Hoary as it can be, the practice still reliably wows audiences and awards voters, as recent-ish Oscar winners like Jessica Chastain, Renée Zellweger, Rami Malek and Gary Oldman can attest. Lately, though, the tradition has also taken on some critical and culturally specific baggage, some of it tied to the forthcoming, much-buzzed biopic “Maestro,” in which a non-Jewish actor, Bradley Cooper, dons a fake schnoz to play a Jewish celebrity, Leonard Bernstein. “Golda,” arriving with far less fanfare in theaters this week, has been caught up in a quieter version of the same controversy.
The “should only Jews play Jews?” debate won’t be revived here, much less resolved. Suffice to say that if this is artifice, then it is artifice of a very high caliber. As the sickly, septuagenarian Meir, Mirren packs fierce authority, grandmotherly warmth, touching uncertainty and wry resignation into an uncharacteristically stooped and heavily padded frame. (She also suggests, with her distinctly American intonations, a hint of Golda’s hardscrabble Milwaukee upbringing.) Her performance, far from being the movie’s greatest drawback, is the best and perhaps only interesting thing about it.
The more glaring problem is that “Golda” itself never rises above the level of an actor’s showcase, never achieves — despite some noticeable effort — a more complicated, challenging reading of history. An expository prologue doesn’t inspire confidence; moving from Israel’s founding in 1948 to its triumph over its Arab neighbors in the Six-Day War of 1967, it plows through roughly two decades of tumultuous history with all the verve of an awards show highlights reel. Equally perfunctory is a framing device set in January 1974, as unsmiling members of the Agranat Commission grill Meir about the intelligence failures that precipitated the surprise Yom Kippur attack months earlier.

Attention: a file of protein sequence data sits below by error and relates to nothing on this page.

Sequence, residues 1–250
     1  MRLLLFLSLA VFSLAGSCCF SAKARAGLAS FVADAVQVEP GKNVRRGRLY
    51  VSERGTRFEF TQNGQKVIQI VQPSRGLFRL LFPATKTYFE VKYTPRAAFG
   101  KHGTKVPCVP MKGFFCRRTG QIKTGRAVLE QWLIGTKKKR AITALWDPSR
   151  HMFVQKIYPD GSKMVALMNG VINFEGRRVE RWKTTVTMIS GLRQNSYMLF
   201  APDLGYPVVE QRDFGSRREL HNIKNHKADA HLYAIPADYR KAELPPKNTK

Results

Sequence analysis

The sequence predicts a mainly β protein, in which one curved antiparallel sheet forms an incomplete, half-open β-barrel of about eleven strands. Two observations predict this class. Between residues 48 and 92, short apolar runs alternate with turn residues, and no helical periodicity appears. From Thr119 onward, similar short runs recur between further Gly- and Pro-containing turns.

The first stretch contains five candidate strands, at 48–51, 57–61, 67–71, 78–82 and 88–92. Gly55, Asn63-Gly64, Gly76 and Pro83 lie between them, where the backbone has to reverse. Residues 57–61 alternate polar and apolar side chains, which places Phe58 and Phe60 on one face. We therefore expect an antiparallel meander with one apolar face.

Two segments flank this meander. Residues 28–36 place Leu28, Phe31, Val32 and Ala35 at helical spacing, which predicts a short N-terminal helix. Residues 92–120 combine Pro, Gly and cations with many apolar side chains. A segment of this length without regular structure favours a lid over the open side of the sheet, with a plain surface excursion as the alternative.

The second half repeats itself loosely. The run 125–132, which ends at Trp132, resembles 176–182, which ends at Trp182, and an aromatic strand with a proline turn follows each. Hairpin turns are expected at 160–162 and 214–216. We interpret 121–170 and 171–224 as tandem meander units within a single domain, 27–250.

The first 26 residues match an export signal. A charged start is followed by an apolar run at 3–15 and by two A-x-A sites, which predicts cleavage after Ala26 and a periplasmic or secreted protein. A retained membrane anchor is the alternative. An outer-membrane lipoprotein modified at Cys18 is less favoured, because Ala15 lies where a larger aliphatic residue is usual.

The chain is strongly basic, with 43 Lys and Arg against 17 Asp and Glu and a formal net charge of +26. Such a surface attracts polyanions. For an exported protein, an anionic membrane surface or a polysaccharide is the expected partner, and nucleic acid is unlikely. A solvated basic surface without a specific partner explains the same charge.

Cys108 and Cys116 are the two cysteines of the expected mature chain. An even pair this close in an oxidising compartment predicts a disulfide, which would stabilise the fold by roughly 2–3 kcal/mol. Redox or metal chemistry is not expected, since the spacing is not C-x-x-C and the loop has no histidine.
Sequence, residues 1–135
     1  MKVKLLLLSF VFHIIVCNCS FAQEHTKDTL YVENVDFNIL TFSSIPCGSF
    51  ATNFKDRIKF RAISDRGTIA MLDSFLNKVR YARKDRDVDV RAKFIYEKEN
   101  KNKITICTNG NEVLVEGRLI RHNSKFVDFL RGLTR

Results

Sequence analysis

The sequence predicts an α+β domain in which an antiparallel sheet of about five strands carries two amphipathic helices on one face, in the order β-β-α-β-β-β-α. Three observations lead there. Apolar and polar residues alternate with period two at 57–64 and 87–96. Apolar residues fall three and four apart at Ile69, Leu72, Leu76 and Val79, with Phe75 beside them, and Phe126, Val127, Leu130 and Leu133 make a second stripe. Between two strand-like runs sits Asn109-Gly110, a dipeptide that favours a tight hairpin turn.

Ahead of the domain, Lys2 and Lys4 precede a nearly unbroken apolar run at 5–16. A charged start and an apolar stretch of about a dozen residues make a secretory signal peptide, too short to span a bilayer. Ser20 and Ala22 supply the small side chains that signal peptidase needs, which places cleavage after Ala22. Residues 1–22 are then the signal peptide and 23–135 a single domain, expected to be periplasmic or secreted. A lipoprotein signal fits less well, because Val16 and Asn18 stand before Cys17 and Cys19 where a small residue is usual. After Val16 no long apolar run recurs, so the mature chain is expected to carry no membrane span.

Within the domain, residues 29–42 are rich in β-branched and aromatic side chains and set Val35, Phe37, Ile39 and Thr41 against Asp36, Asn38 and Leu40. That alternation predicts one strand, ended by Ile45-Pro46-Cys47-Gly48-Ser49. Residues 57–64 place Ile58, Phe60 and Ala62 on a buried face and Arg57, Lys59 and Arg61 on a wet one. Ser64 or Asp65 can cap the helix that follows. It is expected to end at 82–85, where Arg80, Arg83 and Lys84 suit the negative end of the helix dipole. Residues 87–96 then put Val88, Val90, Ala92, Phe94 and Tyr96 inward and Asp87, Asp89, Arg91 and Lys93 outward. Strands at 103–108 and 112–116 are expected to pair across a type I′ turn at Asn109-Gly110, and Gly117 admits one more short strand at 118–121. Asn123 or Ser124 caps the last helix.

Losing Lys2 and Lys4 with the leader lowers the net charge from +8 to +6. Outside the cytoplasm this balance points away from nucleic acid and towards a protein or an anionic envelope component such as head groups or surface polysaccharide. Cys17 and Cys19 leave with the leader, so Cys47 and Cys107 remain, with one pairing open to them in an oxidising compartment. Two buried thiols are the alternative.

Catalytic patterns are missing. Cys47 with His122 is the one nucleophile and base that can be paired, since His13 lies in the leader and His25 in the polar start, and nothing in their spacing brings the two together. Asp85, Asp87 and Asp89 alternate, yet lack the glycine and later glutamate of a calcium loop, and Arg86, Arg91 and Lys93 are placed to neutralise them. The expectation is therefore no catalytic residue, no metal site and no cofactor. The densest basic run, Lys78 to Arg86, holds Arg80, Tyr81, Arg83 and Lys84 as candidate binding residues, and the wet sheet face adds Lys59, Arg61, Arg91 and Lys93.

The movie’s account of those failures — but also the failures of Egypt and Syria, which seize but cannot maintain the upper hand — is appreciably absorbing, even if the war itself, waged on two fronts on the Sinai Peninsula and in the Golan Heights, is kept largely hidden from view. It thus falls to the swift, fluid movements of Jasper Wolf’s camera and the suspenseful thrum of Dascha Dauenhauer’s score to bring this rickety war room procedural to life. The tension is heightened by the steady clacking of typewriter keys and, from time to time, the soldiers’ screams we hear being transmitted from the battlefront, screams that lodge indelibly in Meir’s memory and give the life-and-death stakes an insistently human voice.